Veterinary clinics are overfilled with last-minute cases, shelters keep dealing with returned adoptions, and you can still find many online ads of people who want to give their pets away. What’s the reason for that? People think that owning a pet is a piece of cake, especially cats — what could go wrong? All you have to do is to provide your cats with enough food, water, and something to play with.
And that’s the biggest mistake you can do — just owning a cat instead of being its friend and responsible caregiver. Letting the animal live all by itself instead of getting to know its behaviours and habits. That leads to the matter of the article — negligence (even unintentional!) and the most common cat’s behaviours that owners tend to ignore or misinterpret.
- When the Cat Drinks Too Little Water
It’s easy to notice if your cat eats enough but the estimation if its water consumption is appropriate requires much more of the owner’s attention. Conscious cat owners know that their purring pals like a little bit of variety in their lives. To make your cat more interested in drinking water, make it fun!
Look for top cat water fountains, put water bowls in untypical spots, use water containers in different shapes — e.g., cats love sticking paws into glasses of water or their whole heads into jars. This will trick your cat into drinking more.
Your cat might naturally not feel thirsty if you’re feeding him wet food. To increase your cat’s water consumption, in that case, you can add a little more water to the food.
When it comes to the kind of drinking water, the best will be simple tap water. Boiled water isn’t recommended for animals at all nor is mineral water. If you’re worried that the tap water at your apartment is too contaminated, use filter!
- When the Cat Visits the Litter Box Too Often (Unsuccessfully)
Watching your cat going to its litter box surprisingly is the right thing to do — especially if it’s a senior or an older adult already. Peeing often is not a problem unless your cat goes to the box more often than usual, but is unable to urinate and you can see spots of blood in the litter.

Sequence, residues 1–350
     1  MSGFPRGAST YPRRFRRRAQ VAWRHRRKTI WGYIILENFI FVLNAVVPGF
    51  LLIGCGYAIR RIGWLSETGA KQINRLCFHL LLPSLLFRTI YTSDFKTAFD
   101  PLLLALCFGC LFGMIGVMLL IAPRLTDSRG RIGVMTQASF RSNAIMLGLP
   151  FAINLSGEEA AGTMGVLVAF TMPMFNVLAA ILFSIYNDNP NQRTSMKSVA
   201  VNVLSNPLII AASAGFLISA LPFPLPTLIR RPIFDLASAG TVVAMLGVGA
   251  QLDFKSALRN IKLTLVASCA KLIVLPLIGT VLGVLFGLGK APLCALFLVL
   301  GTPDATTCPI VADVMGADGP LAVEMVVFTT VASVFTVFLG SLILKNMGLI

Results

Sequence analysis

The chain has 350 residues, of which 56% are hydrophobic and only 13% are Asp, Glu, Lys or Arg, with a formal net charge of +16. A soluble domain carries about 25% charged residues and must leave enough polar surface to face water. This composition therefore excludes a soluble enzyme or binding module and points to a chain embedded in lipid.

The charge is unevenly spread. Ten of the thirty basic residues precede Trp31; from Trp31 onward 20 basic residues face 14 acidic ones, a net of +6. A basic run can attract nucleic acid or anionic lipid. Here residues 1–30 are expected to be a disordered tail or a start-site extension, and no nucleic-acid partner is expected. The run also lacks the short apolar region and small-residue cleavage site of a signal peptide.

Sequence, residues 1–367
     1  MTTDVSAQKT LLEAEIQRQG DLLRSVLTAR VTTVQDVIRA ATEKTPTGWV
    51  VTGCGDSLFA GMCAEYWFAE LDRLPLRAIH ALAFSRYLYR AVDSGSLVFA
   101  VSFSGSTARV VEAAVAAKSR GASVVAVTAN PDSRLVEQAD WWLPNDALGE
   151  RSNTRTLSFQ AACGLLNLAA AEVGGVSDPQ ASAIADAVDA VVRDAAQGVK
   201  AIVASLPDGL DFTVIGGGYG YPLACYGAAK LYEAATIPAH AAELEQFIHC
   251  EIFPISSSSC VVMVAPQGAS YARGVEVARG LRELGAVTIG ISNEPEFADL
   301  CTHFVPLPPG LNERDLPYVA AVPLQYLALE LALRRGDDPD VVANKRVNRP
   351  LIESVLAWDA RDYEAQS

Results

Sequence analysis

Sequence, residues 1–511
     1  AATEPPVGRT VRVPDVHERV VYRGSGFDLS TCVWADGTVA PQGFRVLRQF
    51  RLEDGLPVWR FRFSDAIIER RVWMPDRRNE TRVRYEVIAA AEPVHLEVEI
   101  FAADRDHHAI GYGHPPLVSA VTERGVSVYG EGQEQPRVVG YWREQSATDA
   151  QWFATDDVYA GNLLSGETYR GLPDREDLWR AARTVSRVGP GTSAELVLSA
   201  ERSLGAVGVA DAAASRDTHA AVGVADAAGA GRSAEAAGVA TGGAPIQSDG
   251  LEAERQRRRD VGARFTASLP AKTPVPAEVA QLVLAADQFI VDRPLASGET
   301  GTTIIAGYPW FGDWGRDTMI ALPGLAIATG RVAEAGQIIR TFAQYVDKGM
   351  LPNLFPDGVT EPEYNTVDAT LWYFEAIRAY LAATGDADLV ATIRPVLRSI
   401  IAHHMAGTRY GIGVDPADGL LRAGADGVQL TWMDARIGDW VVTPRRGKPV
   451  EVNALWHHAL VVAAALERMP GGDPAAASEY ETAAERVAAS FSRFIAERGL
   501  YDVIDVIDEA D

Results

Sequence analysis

This constant need and impossibility to urinate is usually a sign of bladder stones. It’s a common and incredibly painful disease. Neglected can easily lead to death. You can prevent your cat from the illness with helping it stay properly hydrated limiting its sodium consumption — that’s why cats shouldn’t eat human food nor drink mineral water.
- … or Relieves Itself Outside the Litter Box
Pooping and peeing outside the litter box isn’t your cat being mean, misbehaving nor hating you. This kind of behaviour can suggest that your cat doesn’t like the new litter, has territorial problems or that it suffers from paw injuries.
Territorial problems are a common aspect of the beginnings of a cat’s adaptation process. Usually, it’s something that the new owners of a stray or abandoned animal just have to go through (sometimes it takes a couple of days, other times a couple of months). It can also happen if there’s a new housemate at your place — either a roommate, a newborn child or another animal.
Cat’s paws are extremely sensitive. Once injured they can cause lots of pain, especially on such an unpleasant grainy surface as litter. But not only cat’s paw pads are vulnerable. Cat’s claws are also exposed to various injuries (e.g., during careless clipping). What’s more, procedures as declawing and applying silicon claw caps, even though quite popular, are very harmful and can also result in such behavioural disorders.
- … or Lies Down in the Litter Box
Cats are famous for hiding in the weirdest places and trying to fit into the tiniest boxes. Seeing a cat lying down in its litter box isn’t very surprising — just another kitty quirk!
Nothing more wrong.
Laying down in a litter box is far from natural nor funny. It’s a sign for cat’s fear and insecurity. It means that your cat is so frightened that it has to cover itself in its own faeces to calm itself with the most familiar smell — its own urine.
It can be a symptom of territory problems or severe phobias. If you can’t identify the exact problem and your cat won’t stop calming itself in this certain way, look for professional help of a feline behaviourist.
- When the Cat Is Purring Intensively
Purring is commonly associated with a cat feeling safe, calm, and satisfied. However, cats purr also when they’re sick. The low tones of this particular vibrating are supposed both to calm the cat down and to help its organism heal.
If you’ve noticed that your cat has been behaving slightly differently and purring more than usual, you might want to consult its doctor. Cats are tough creatures and won’t show you pain nor any other symptoms that would make them look vulnerable. It’s because of the primal survival instinct encrypted in the cat’s genes.